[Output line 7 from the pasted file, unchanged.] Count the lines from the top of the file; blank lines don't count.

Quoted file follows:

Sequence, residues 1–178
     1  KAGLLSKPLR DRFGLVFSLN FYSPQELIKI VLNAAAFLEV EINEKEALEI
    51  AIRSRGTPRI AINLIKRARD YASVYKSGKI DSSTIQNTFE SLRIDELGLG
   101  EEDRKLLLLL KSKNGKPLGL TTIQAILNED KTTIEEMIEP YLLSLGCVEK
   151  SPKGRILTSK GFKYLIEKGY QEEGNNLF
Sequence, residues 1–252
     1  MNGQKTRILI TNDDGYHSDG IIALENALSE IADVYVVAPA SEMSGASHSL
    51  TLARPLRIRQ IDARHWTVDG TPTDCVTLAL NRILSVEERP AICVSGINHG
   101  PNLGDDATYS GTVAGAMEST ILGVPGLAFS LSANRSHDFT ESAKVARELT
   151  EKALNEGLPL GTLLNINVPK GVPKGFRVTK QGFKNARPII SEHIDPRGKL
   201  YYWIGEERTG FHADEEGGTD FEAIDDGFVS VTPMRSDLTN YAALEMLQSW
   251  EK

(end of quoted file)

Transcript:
     1  MNGQKTRILI TNDDGYHSDG IIALENALSE IADVYVVAPA SEMSGASHSL